powerful organ into the characterless substitute of a confidant, is, by uo


means, such an improvement in tragedy as the French, and their imitators,
would have it supposed to be.

The old Tragedy, which at first only concerned itself with gods, heroes
and kings, introduced the Chorus as an essential accompaniment. The poets
fonnd it in nature, and for that reason employed it. It grew out of the
poetical aspect of real life. In the new Tragedy it becomes an organ of art
which aids in making the poetry prominent. The modem poet no longer
finds the Chorus in nature ; he must needs create and introduce it poetically;
that is, he must resolve on such an adaptation of his story as will admit of its
retrocession to those primitive times, and to that simple form of life.

The Chorus thus renders more substantial service to the modern drama-
tist than to the old poet — and for this reason, that it transforms the common-
place actual world into the old poetical one ; that it enables nim to dispense
with all that is repugnant to poetry, and conducts him back to the most sim-
ple, original, and genuine motives of action. The palaces of kings are in these
days closed — courts of justice have been transferred from the gates of cities
to the interior of buildings ; writing has narrowed the province of speech :
the people itself — the sensibly living mass — when it does not operate as brute
force, has become a part of the civil polity, and thereby an abstract idea in
our minds ; the deities have returned within the bosoms of mankind. The
poet must reopen the palaces — he nyist place courts of justice beneath
the canopy of heaven — restore the gods, reproduce every extreme which the
artiftoial frame of actual life has abolished — throw asideevery factitious influence
on the mind or condition of man which impedes the manifestation of his inward
nature and primitive character, as the statuary rejects modem costume : — and
of all external circumstances adopts nothing but what is palpable in the
highest of fonns — that of humanity.

But precisely as the painter throws around his figures draperies of ample
volume, to fill up the space of his picture richly and gracefully, to arrange its
several parts in harmonious masses, to give due play to colour, which cliamis
and refreshes the eye — and at once to envelop human forms in a spiritual
veil, and make them visible — so the tragic poet inlays and entwines his
rigidly contracted plot and the strong outlines of his characters with a tissue
of lyrical magnificence, in which, as in flowing robes of purple, they move
freely and nobly, with a sustained dignity and exalted repose.

In a higher organization, the material, or the elementary, need not be
visible ; the chemical colour vanishes in the finer tints of the imaginative one.
The material, however, has its peculiar effect, and may be included in an
artistical composition. But it must deserve its place by animation, fulness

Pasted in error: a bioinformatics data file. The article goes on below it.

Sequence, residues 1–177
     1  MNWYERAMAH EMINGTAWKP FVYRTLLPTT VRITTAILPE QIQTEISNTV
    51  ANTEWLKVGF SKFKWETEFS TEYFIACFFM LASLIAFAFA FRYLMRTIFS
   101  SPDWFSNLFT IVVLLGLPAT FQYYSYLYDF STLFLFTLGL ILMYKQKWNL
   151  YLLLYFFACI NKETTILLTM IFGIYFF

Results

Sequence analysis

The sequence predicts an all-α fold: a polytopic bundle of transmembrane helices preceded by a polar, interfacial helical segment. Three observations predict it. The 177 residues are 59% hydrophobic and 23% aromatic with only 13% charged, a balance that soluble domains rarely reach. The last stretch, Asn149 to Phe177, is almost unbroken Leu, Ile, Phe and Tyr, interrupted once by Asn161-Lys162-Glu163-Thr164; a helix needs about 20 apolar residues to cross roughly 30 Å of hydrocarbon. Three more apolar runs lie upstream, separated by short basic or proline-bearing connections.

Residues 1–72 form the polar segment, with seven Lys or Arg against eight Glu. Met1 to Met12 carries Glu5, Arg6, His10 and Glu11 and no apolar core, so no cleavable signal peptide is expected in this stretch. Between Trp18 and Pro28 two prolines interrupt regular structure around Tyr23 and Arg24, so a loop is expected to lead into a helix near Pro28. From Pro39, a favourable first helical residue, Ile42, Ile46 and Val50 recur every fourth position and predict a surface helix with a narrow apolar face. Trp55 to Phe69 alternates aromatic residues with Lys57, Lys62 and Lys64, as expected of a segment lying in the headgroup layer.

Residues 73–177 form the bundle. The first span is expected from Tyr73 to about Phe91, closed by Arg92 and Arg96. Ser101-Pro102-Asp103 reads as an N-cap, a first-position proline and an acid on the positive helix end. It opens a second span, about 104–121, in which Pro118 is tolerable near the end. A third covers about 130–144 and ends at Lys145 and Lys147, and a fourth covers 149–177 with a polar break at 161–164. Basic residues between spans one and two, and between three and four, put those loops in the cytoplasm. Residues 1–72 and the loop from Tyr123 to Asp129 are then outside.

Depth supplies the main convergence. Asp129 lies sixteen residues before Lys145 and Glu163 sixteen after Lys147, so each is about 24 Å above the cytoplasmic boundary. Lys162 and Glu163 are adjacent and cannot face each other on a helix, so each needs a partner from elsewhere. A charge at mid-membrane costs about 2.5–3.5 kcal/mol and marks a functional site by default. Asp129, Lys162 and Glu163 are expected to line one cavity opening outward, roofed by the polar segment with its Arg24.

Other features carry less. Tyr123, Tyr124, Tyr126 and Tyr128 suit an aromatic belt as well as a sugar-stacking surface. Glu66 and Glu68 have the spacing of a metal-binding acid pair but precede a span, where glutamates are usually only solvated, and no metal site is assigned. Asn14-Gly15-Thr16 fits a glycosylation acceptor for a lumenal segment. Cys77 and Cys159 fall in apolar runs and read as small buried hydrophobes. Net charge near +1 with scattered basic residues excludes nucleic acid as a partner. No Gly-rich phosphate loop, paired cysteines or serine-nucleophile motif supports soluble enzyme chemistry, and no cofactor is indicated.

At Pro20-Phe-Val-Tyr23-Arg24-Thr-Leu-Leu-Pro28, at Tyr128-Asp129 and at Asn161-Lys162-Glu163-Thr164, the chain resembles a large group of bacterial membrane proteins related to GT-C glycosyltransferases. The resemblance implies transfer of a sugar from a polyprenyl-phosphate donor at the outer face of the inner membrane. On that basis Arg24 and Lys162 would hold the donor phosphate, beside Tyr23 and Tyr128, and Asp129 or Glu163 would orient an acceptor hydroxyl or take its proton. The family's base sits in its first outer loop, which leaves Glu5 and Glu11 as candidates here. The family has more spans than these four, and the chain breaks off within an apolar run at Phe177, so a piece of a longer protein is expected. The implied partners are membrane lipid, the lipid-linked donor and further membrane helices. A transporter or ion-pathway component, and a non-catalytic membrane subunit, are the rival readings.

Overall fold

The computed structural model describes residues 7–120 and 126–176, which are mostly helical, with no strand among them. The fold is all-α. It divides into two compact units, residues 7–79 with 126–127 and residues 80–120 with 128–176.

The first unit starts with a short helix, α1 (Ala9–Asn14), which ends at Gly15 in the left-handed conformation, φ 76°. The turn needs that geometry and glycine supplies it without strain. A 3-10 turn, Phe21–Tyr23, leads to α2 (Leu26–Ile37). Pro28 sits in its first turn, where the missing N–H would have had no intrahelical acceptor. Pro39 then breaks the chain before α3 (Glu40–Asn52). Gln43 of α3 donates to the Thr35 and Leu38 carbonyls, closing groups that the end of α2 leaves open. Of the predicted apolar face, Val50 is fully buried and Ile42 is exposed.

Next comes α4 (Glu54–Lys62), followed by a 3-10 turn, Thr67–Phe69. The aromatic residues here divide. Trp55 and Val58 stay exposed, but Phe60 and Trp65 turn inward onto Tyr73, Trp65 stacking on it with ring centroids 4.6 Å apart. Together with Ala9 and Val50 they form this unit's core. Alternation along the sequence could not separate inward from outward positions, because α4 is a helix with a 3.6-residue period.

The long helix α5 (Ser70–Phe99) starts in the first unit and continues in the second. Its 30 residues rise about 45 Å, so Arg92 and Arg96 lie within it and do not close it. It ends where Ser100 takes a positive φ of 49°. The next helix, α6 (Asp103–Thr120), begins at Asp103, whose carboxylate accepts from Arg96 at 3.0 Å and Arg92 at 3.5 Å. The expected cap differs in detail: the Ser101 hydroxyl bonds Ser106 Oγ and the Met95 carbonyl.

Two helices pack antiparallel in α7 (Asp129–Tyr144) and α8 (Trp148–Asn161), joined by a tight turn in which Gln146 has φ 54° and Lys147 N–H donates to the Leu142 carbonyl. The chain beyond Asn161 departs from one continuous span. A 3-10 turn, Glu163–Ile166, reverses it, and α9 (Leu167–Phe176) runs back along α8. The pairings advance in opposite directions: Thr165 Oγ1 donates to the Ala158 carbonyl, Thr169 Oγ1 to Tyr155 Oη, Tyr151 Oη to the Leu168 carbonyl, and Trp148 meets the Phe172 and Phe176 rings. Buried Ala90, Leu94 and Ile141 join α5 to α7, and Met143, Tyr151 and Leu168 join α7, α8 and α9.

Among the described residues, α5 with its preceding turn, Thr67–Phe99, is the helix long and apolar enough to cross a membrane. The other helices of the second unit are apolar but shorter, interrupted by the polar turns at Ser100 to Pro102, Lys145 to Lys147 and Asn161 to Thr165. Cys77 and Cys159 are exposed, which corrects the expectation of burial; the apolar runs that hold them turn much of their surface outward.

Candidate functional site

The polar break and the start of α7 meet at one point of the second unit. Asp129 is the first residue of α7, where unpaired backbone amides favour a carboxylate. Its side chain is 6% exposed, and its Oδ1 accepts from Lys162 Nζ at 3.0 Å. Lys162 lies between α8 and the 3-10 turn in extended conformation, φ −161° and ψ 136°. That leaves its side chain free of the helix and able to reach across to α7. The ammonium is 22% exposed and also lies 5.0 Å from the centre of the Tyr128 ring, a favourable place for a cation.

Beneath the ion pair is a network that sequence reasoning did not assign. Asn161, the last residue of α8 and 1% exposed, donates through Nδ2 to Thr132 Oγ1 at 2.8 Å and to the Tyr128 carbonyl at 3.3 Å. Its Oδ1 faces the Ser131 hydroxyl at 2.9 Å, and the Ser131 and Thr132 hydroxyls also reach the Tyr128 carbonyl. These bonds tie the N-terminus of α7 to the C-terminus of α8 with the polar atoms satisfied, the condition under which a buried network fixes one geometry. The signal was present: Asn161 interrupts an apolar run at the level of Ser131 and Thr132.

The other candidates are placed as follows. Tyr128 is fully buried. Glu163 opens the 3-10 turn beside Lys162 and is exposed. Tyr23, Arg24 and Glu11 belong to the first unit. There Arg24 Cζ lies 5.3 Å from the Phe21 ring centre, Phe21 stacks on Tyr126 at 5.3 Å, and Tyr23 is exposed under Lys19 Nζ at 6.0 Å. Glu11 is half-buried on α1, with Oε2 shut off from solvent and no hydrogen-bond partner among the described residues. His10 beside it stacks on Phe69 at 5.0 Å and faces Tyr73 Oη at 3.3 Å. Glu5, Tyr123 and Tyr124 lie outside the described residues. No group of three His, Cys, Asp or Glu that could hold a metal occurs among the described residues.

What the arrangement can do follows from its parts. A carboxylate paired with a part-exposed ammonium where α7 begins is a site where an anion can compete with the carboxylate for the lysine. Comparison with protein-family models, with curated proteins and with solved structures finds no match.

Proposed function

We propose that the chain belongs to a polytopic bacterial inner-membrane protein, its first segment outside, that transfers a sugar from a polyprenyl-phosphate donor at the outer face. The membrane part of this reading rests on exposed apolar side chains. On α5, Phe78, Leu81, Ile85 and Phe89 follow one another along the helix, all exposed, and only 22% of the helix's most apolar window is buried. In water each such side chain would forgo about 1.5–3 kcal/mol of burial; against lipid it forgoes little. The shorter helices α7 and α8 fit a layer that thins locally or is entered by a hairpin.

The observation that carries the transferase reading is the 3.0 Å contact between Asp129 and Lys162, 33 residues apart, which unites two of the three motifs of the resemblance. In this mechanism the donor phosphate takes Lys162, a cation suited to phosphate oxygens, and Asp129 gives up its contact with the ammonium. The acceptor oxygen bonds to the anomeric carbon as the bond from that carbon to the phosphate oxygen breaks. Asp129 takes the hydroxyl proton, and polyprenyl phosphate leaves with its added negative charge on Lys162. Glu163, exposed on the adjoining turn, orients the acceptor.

and harmony, and give value to the ideal tonus which it surrounds, insteaa
of stifling them by its weight.

In respect of the pictorial art, this is obvious to ordinary apprehension, yet in
poetry likewise, and in the tragical kind, which is our immediate subject,
the same doctrine holds good. Whatever fascinates the senses alone, is
mere matter, and the rude element of a work of art : — if it take the lead it
will inevitably destroy the poetical — which lies at the exact medium between
the ideal and the sensible. But man is so constituted that he is ever im-
patient to pass from what is fanciful to what is common ; and reflection must,
therefore, have its place even in tragedy. But to merit this place it must, by
means of delivery, recover what it wants in actual life ; for if the two elemeuts


of poetry, the ideal and the sensible, do not operate with an inward n atuality,
they must at least act as allies — or poetry is out of the question. If the
balance be not intrinsically perfect, the equipoise crin only be maintained by
an agitation of both scales.

This is what the Chorus effects in tragedy. It is, in itself, not an indi
vidual but a general conception ; yet it is represented by a palpable bodv
which appeals to the senses with an imposing grandeur. It forsakes the
contracted sphere of the incidents to dilate itself over the past and the future,
over distant times and nations, and general humanity, to deduce the
grand results of life, and pronounce the lessons of wisdom. But all this it
does with the full power of fancy — with a bold lyrical freedom which as-
cends, as with godlike step, to the topmost height of worldly things ; and it
eflfects it in conjunction with the whole sensible influence of melody and
ihythm, in tones and movements.

The Chorus thus exercises a purifj-ing influence on tragic poetrj, 'nso-
much as it keeps reflection apart from the incidents, and by this separation